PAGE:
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The Sun Also Rises by Ernest Hemingway
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The Sun Also Rises (original 1926; edition 1926)

by Ernest Hemingway

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16,343235107 (3.81)1 / 471
Member:lilianboerboom
Title:The Sun Also Rises
Authors:Ernest Hemingway
Info:Scribner (2003), Edition: 23rd, Paperback, 251 pages
Collections:Your library
Rating:****
Tags:None

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The Sun Also Rises by Ernest Hemingway (1926)

  1. 31
    The Great Gatsby by F. Scott Fitzgerald (sturlington)
    sturlington: Great novels of the Jazz Age.
  2. 21
    The Professor's House by Willa Cather (2below)
    2below: These are both poignant stories about the disruption and disorder that results from not being where we want to be in life and living in denial of that sad truth.
  3. 00
    The Dangerous Summer by Ernest Hemingway (GYKM)
  4. 00
    The Garden of Eden by Ernest Hemingway (John_Vaughan)
  5. 11
    A Moveable Feast by Ernest Hemingway (John_Vaughan)
  6. 22
    As I Lay Dying by William Faulkner (2below)
    2below: Both involve complicated characters (some might say messed up), crazy mishaps, and fascinating unstable and unreliable narratives. Also excellent examples of Modernist fiction.
  7. 01
    Death in the Afternoon by Ernest Hemingway (GYKM)
1920s (38)
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English (225)  Dutch (2)  Spanish (2)  Italian (1)  Norwegian (1)  Hebrew (1)  German (1)  Swedish (1)  All languages (234)
Showing 1-5 of 225 (next | show all)
I'm just not a Hemingway fan. I must be in the minority because I see that a lot of people love his work. ( )
  JennysBookBag.com | Sep 28, 2016 |
I felt empty while reading this. I was supposed to feel that way. There was very little emotion throughout. Brett felt like a less fleshed out version of Daisy Buchanan. And Jake...there were several points where I just wanted to know what he was feeling, but knew I wouldn't find out, because that's just how Hemingway wanted it. It was written well and, I think, successfully conveyed its (lack of) emotion, but I didn't enjoy it at all. ( )
  EllAreBee | Sep 19, 2016 |
Ok but not crazy about it. Too much foolishness over a "bad" girl. But I guess she was the first of her kind leaving broken hearts and broken bottles of liquor in her path. I suppose the lost generation after WWI was a lot of people who experienced a world so different from the United states that they would never truly find their way home. ( )
  Alphawoman | Aug 13, 2016 |
Good grief. How did I get to be almost-sixty without reading this book? It's a brilliant story of a group of lost souls drifting, drifting, drifting, and it's told with the simplest of words (I'd love to see what comes up if you ran this whole book through Wordle or another word cloud generator...I can almost imagine it...I'm pretty sure "good" would be the size of the Eiffel Tower on the page.) and thousands of tiny conversations and lots of fishing and bull fighting and, of course, drinking and drinking and drinking. ( )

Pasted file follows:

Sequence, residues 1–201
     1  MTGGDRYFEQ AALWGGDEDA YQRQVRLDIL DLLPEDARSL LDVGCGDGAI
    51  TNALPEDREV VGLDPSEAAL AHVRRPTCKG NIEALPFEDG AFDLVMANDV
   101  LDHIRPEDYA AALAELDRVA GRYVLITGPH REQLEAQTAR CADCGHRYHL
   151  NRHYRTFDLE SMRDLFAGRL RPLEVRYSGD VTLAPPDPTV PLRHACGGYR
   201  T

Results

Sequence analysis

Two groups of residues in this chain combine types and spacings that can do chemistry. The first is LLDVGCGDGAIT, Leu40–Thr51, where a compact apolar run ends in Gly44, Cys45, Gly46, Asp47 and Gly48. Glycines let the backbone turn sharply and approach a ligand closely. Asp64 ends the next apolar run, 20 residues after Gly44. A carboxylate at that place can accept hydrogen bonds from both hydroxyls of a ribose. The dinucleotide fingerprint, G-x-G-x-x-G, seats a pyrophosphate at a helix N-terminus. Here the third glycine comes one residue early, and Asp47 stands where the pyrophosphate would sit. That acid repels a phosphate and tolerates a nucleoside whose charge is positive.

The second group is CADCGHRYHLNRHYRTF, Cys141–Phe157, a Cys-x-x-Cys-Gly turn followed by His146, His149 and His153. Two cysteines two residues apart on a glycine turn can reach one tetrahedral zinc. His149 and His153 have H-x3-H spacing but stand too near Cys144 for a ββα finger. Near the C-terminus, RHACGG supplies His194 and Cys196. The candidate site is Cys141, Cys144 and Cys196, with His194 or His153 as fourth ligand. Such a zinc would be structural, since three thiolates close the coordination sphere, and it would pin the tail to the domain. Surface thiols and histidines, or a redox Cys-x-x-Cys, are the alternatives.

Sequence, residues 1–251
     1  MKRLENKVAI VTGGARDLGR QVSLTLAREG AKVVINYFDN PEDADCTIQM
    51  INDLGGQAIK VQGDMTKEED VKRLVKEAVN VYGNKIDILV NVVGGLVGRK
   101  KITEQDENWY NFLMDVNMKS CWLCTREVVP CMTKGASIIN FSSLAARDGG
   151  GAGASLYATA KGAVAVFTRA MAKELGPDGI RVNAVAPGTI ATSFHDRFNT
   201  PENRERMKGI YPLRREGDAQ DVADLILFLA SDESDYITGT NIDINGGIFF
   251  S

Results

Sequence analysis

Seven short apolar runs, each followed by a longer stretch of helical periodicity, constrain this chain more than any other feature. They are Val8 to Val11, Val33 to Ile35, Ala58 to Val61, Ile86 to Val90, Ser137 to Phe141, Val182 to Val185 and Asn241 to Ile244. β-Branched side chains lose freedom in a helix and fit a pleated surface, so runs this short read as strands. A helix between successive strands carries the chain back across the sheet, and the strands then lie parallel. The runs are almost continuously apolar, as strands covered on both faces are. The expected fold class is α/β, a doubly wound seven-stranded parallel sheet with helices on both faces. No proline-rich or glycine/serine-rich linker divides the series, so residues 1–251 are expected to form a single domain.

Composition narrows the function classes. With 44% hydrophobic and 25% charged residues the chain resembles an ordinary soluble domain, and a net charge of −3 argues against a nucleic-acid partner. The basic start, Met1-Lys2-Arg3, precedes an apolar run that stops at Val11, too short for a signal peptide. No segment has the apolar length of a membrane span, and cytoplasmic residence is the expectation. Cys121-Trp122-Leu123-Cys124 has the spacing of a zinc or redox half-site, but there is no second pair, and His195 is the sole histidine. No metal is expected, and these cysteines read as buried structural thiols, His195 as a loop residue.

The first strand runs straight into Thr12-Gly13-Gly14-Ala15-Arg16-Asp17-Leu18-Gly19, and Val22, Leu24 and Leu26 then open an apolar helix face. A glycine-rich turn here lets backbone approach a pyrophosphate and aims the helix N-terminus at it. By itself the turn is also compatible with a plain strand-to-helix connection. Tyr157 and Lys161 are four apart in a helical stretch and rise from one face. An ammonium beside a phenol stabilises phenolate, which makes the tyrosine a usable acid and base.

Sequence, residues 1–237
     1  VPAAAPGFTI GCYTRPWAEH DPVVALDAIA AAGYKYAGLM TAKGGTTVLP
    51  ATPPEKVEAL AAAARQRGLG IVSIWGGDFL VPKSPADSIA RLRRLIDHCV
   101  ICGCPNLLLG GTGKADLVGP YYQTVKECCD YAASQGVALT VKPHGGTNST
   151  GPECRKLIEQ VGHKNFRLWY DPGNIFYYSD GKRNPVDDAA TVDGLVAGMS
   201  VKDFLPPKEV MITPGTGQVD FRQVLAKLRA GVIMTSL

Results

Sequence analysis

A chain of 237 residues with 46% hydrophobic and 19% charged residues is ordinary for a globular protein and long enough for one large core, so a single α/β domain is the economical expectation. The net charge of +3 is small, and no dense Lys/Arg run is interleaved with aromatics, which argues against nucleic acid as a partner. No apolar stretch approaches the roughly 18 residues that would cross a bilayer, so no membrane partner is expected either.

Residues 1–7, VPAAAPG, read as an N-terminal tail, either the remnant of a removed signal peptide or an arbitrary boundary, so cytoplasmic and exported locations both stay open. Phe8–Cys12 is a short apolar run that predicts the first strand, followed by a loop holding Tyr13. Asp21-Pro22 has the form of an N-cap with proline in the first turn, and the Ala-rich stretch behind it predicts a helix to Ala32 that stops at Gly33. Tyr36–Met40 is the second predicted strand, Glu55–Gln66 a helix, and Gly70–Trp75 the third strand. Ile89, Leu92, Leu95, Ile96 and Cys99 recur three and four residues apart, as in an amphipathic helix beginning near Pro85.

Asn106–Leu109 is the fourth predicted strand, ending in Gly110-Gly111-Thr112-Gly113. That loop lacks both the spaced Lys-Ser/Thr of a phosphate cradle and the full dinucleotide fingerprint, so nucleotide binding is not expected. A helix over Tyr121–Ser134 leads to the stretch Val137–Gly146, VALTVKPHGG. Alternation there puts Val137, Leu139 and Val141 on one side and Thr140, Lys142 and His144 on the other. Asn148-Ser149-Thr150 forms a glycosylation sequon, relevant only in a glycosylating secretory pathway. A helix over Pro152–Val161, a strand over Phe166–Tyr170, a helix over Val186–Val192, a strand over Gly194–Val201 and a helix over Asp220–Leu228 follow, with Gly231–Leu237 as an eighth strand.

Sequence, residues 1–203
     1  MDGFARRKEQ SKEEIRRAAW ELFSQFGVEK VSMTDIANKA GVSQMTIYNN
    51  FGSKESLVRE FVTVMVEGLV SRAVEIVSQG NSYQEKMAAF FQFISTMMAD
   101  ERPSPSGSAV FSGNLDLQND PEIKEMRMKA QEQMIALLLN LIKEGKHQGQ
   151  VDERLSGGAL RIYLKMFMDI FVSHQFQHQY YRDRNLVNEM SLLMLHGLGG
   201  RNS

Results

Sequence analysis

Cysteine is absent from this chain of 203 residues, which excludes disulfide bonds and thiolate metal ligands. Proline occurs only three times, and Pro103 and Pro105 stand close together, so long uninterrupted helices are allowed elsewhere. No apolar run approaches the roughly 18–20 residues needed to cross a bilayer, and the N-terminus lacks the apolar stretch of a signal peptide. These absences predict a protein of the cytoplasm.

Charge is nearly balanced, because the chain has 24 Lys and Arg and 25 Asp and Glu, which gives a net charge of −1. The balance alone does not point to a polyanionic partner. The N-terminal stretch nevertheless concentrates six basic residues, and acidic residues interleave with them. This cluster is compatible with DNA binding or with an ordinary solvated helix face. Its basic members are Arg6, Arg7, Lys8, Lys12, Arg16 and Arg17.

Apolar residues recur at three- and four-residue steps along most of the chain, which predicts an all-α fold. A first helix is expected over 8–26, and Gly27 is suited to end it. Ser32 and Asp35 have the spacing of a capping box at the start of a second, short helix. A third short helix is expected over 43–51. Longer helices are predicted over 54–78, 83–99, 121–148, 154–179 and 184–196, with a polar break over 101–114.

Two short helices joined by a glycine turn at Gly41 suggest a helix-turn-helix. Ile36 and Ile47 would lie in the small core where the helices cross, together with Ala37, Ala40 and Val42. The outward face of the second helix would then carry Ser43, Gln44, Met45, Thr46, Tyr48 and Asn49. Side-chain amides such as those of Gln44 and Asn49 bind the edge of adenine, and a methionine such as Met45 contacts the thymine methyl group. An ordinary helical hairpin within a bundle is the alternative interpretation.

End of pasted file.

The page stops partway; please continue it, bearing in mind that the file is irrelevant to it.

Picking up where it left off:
debnance | Aug 4, 2016 |
After reading about half the book I started dreaming in stacatto conversations that were about nothing. Whoee. Let's see if we can have three or four drinks before we get out of bed and then drink straight through the week without ever going back to bed. This cafe, that cafe, this night club, that taxi, cases of champagne, multiple bottles of wine, call room service for beer if you don't have a drink in front of you. Then talk in 3 word sentences to each other. About the same thing.

I am glad EH had an influence toward cleaning up and simplifying language. And I am glad we are past it and moved into a more fluid and elegant modern style. ( )
  torreyhouse | Jun 25, 2016 |
Showing 1-5 of 225 (next | show all)
No amount of analysis can convey the quality of "The Sun Also Rises." It is a truly gripping story, told in a lean, hard, athletic narrative prose that puts more literary English to shame. Mr. Hemingway knows how not only to make words be specific but how to arrange a collection of words which shall betray a great deal more than is to be found in the individual parts. It is magnificent writing, filled with that organic action which gives a compelling picture of character. This novel is unquestionably one of the events of an unusually rich year in literature.
 

» Add other authors (76 possible)

Author nameRoleType of authorWork?Status
Hemingway, Ernestprimary authorall editionsconfirmed
Adsuar, JoaquínTranslatorsecondary authorsome editionsconfirmed
Bruccoli, Matthew J.Introductionsecondary authorsome editionsconfirmed
Cannon, PamelaCover designersecondary authorsome editionsconfirmed
Coindreau, Maurice-EdgarTranslatorsecondary authorsome editionsconfirmed
D'Achille, GinoCover artistsecondary authorsome editionsconfirmed
Horschitz-Horst, AnnemarieTranslatorsecondary authorsome editionsconfirmed
Hurt, WilliamNarratorsecondary authorsome editionsconfirmed
Larsen, GunnarTranslatorsecondary authorsome editionsconfirmed
Prévost, JeanPrefacesecondary authorsome editionsconfirmed
Ringnes, HaagenAfterwordsecondary authorsome editionsconfirmed
Scholz, WilhemCover artistsecondary authorsome editionsconfirmed

Is contained in

Romanzi volume I by Ernest Hemingway

The Novels Of Ernest Hemingway . by Ernest Hemingway

The Essential Hemingway by Ernest Hemingway

Five Novels: The Sun Also Rises / A Farewell to Arms / To Have and Have Not / The Old Man and the Sea / For Whom the Bell Tolls (FOLIO SOCIETY) by Ernest Hemingway

The Sun Also Rises / A Farewell to Arms / The Old Man and the Sea by Ernest Hemingway